At the end of the day (and regardless of your opinion on the matter), traditional publishing is a for-profit industry. Agents are looking for books they can sell. What books will yours sit next to on a shelf once you get published? Those are your comps!
How do I find comp titles?
There are many routes to attack this question, but the biggest one is to read! Read as much as you can in your genre, especially picking up newer releases. This will give you a great pool of potential comps plus the added benefit of improving your writing craft.
To discover new books to use as comps, try browsing lists on Goodreads or Amazon. If you’ve got one solid comp (or a book that nearly fits the bill), search that book on these websites then look for what recommendations pop up for similar books. Another great option would be visiting a library or bookstore for recommendations. Finally, your beta readers might have ideas for good comps after they’ve read your work, so it’s always good to ask their opinion!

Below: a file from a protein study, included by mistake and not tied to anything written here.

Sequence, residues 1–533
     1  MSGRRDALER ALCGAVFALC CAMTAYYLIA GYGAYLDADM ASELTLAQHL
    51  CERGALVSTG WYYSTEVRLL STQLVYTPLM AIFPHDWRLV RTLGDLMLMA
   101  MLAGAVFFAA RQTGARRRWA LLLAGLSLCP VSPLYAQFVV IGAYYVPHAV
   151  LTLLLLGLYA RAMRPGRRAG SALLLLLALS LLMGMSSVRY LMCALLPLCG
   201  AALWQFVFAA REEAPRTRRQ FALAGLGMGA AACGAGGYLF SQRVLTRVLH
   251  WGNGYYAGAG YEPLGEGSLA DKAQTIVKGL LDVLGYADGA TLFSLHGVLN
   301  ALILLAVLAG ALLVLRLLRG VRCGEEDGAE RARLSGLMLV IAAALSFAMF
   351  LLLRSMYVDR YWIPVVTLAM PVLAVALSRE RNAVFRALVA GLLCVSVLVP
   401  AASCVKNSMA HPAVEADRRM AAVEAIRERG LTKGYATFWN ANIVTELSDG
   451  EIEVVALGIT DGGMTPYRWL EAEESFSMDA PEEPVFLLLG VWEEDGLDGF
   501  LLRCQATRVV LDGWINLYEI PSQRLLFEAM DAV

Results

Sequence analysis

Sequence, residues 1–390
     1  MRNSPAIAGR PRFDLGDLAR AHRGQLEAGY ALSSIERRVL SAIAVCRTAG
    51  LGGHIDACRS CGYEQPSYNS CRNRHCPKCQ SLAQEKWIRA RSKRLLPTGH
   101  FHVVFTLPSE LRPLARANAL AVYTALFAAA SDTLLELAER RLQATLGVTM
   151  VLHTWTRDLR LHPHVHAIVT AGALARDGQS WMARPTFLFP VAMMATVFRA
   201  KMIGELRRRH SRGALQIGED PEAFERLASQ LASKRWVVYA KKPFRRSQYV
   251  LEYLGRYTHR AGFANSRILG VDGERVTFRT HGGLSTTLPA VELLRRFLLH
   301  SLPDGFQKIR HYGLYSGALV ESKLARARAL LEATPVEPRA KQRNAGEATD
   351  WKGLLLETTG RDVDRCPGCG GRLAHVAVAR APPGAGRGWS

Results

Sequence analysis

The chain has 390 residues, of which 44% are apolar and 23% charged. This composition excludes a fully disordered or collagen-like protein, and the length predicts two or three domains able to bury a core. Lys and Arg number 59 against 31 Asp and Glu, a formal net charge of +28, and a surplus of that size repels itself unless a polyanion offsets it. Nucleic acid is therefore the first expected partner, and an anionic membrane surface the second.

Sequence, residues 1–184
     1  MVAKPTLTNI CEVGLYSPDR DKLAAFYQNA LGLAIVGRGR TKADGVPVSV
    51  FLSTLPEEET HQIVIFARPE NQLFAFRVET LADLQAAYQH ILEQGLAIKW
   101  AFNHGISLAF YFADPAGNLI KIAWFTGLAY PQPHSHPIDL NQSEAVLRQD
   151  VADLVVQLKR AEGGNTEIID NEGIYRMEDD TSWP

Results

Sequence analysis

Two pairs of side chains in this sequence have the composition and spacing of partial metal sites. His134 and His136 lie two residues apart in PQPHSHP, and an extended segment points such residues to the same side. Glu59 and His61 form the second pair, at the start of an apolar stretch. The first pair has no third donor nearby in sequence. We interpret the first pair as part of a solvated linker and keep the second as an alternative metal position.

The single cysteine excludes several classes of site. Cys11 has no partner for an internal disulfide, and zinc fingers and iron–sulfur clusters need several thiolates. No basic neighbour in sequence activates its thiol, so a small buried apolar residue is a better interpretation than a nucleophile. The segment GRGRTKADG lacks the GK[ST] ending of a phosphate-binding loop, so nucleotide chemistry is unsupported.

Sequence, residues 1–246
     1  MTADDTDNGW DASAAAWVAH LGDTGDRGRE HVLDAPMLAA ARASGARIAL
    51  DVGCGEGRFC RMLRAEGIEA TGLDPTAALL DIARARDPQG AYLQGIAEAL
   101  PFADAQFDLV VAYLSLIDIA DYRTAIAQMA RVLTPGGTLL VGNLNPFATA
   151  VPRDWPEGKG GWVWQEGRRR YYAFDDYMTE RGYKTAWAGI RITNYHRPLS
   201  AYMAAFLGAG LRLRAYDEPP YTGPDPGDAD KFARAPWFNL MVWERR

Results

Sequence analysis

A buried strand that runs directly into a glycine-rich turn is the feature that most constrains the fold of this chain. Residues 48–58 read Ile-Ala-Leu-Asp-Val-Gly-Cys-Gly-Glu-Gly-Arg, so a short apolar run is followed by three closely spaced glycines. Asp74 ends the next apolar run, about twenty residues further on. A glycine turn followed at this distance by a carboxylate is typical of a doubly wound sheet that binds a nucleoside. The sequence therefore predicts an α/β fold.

One last little trick to keep in mind: while I always advocate reading as much as you can to find comp titles, you don’t necessarily have to have read every comp in its entirety. Reading the book description, reviews, and perhaps a few sample pages can be sufficient to give you a good feel for whether it would be an appropriate comp.
What if I can’t find a comp that perfectly matches my book?
Comp titles aren’t about finding perfect matches! They aren’t necessarily about matching the same storyline as your book, either. Comp titles are all about a similar reader experience.
Every individual book has many aspects to it that might draw in a reader, and you can comp to any one of these aspects.